The music industry will halt business operations on Tuesday so employees can pause to respond to issues of racial injustice.

The initiative, called Black Out Tuesday, quickly gathered steam online after founders Jamila Thomas of Atlantic Records and Brianna Agyemang of the creative services company Platoon issued a call to action on Friday in response to protests in Minneapolis over police brutality and the killing of George Floyd.

Using the hashtag, #TheShowMustBePaused, the initial post urged: “Please join us as we take an urgent step of action to provoke accountability and change … As gatekeepers of the culture it is our responsibility to not only come together to celebrate the wins, but also hold each other up during a loss. Join us on Tuesday June 2 as a day to disconnect from work and reconnect with our community.”

On the movement’s website, theshowmustbepaused.com, Thomas and Agyemang have compiled a recommended list of links where music business professionals and others can help Floyd’s family, donate to community bail funds to support protesters, and otherwise take action.

They also share some self-care words of wisdom: “If you have been impacted by recent events, take a break — there’s a lot going on and sometimes we need a minute. Take that minute.”

By Monday, major record labels had joined in with the Black Out concept. Columbia records, the label home to Beyoncé, Bruce Springsteen, and John Legend, said in a statement: “This is not a day off. Instead, this is a day to move forward in solidarity.”

“It’s hard to know what to say because I’ve been dealing with racism my entire life," legendary producer Quincy Jones said on Twitter. "That said, it’s rearing its ugly head right now & by God it’s time to deal with it once & for all. My team & I stand for justice. Convos will be had & action will be taken.”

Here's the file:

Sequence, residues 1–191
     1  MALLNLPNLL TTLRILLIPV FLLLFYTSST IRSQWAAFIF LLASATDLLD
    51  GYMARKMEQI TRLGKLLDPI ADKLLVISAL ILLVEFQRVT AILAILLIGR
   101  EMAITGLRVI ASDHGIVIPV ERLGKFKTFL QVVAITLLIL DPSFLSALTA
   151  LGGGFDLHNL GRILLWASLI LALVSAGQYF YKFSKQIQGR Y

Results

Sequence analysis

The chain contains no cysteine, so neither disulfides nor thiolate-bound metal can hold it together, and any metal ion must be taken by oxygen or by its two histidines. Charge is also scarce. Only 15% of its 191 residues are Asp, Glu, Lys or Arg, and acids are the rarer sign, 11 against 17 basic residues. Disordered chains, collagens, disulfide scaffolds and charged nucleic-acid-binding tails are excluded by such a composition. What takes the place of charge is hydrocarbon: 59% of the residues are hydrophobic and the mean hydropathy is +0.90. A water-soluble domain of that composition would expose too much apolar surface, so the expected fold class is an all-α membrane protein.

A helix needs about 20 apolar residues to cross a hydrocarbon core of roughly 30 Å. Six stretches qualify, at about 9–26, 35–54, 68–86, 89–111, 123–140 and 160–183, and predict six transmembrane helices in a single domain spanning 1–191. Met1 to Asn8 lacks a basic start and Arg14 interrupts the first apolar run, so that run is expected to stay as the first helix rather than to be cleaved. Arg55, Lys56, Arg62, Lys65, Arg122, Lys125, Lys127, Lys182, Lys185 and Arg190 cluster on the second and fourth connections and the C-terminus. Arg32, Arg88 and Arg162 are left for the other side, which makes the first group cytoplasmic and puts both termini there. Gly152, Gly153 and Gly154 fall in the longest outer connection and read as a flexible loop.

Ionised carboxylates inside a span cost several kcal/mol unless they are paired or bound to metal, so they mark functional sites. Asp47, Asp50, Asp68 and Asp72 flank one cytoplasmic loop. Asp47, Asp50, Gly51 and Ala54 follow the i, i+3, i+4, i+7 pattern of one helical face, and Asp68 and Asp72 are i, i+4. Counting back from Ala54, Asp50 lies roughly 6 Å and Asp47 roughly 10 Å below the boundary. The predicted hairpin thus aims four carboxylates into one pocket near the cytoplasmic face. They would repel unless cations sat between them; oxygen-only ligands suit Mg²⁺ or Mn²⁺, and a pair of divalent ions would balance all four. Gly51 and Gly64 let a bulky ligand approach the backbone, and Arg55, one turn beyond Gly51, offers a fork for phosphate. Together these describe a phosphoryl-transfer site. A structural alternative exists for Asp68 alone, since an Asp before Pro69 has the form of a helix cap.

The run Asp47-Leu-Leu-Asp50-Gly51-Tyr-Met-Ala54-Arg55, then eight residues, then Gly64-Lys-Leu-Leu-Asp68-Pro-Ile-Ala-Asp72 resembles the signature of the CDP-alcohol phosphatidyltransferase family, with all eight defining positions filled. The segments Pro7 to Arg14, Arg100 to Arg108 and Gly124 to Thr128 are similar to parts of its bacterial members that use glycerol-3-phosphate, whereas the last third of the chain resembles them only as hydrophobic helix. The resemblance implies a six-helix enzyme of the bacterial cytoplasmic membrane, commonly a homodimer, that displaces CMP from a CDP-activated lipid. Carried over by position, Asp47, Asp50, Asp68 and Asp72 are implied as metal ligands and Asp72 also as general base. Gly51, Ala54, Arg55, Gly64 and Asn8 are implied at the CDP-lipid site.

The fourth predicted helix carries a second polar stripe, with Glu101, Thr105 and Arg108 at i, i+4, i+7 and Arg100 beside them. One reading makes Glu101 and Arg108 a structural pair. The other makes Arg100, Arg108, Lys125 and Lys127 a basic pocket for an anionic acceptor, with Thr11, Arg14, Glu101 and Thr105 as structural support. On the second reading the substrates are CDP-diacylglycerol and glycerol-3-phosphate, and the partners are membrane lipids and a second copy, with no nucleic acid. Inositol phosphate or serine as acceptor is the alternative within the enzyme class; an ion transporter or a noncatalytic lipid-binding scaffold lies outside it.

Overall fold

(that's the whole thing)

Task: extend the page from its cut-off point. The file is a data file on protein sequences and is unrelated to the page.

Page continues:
On Monday, Derek Corbett of iHeartMedia Philadelphia, which owns the Power 99 hip-hop and R&B station WUSL-FM (98.9) and the old-school R&B WDAS-FM (105.3), said that the company “is an advocate of the Black Out Tuesday movement, but because this falls on Pa.’s primary election day our core mission for both WDAS and WUSL is getting people out to the polls to let their voices be heard.

"Tomorrow we will inform and educate our audience with information throughout the day as to how they can make a difference for our city and their respective communities by exercising their constitutional right to vote,” Corbett said.

It is not clear what the industry “blackout” will mean in practice nationally, beyond record label corporate shutdowns.

Tuesday used to be the day new music was released, but for years now, singles and albums come out on Friday. Universal Music Group’s Interscope-Geffen-A&M imprint, known as IGA, did announce that it will be postponing all releases that were due to come out this week. Noteworthy albums that have been postponed include releases from MGK, 6lack, and Jessie Ware.

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With real-life concerts on indefinite hiatus due to the COVID-19 pandemic, there aren’t any tour dates to cancel. But some virtual shows are being postponed.

Guitarist Captain Kirk Douglas of Philadelphia hip-hop band The Roots was scheduled to play Lets Stay [In] Together, a benefit for Harlem’s historic Apollo Theater on Tuesday night, along with Keb Mo, Gary Clark Jr., Michael McDonald, Dionne Warwick, and others.

They’ll be posting updates at @pausetheshow on Twitter and @theshowmustbepaused on Instagram.

Beyond the unified music-biz response, Beyoncé, Taylor Swift, Rihanna, and many other individual musicians have posted on social media in the wake of the protests over Floyd’s death. Jay-Z released a statement Sunday calling for Minnesota Attorney General Keith Ellison to prosecute those responsible.